Guwahati: Indian scientists have developed an Overhauser Magnetometer, one of the most accurate magnetometers extensively used by all magnetic observatories around the world, making way for reducing the cost of sampling and sensing experiments essential for geomagnetic sampling.

The sensor installed at Alibag Magnetic Observatory (MO) can absolve India’s dependence on commercial OVH magnetometers for performing geomagnetic field measurements.

OVH magnetometers are known for their higher accuracy, higher sensitivity, and efficient power consumption and hence find applications in all magnetic observatories worldwide as well as in international space programs. It has so far been imported for such purposes in India.

In order to reduce dependence on imports, the Indian Institute of Geomagnetism (IIG), an autonomous research institution under DST, Government of India, has developed the magnetometer as part of its technology development program.

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A team from IIG’s instrumentation division used various spectroscopic tools and theoretical simulations to understand the working of the OVH sensor. They further performed various control experiments, such as varying the sensor composition and examining the sensor’s performance. This helped them to optimize the sensor parameters and its associated electronics, which finally led to a very efficient and stable OVH sensor.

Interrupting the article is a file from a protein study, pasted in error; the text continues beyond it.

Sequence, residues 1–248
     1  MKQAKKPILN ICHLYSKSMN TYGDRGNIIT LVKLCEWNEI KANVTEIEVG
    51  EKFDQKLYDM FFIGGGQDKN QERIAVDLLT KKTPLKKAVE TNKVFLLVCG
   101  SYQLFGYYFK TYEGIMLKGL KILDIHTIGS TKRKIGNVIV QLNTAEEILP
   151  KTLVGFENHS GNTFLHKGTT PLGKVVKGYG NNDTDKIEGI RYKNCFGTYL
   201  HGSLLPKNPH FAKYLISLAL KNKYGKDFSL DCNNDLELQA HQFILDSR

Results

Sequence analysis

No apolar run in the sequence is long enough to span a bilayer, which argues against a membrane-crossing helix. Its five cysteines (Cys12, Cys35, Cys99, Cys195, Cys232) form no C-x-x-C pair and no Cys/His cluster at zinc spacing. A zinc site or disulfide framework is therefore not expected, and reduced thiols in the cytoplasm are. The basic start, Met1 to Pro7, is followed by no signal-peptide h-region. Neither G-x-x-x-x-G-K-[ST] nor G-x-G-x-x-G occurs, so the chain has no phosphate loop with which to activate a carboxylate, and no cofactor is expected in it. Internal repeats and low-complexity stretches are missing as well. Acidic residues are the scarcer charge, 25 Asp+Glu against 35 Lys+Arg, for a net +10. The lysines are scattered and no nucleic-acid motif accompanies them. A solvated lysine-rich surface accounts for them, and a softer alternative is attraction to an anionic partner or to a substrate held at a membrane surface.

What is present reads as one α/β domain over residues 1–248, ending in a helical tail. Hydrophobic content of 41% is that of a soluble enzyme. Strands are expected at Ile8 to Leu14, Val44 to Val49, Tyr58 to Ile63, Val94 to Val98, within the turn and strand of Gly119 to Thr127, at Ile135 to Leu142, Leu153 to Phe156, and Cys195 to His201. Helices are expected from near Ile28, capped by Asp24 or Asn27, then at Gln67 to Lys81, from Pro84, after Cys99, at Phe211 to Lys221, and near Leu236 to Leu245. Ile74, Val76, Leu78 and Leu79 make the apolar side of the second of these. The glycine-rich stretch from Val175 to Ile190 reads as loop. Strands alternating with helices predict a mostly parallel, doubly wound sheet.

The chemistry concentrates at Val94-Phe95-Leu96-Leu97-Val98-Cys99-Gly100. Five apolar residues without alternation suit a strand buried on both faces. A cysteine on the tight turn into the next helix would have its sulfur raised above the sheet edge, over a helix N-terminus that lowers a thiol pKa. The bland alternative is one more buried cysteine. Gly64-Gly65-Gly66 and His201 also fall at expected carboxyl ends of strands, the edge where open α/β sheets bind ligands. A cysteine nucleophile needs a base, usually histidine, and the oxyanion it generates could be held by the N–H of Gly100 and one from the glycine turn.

Experiments with the sensor installed at the Alibag Magnetic Observatory (MO) for geomagnetic sampling found that the sensor reproduced the geomagnetic diurnal variations accurately and precisely showed the signatures of various space weather events such as geomagnetic storms, sudden impulses, etc. The performance of this indigenously made magnetometer is at par with a commercial OVH sensor that is currently installed at the magnetic observatories of IIG.

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The sensor is currently being tested for its long-term stability. The group is further excited to adapt their sensor for the outer space environment to support the existing Indian space research program. In addition, the group feels that the understanding of this project, specifically the underlying mechanism of Dynamic Nuclear Polarization (DNP), would also be of potential help to develop a sensitive magnetic resonance imaging (MRI) instrument.

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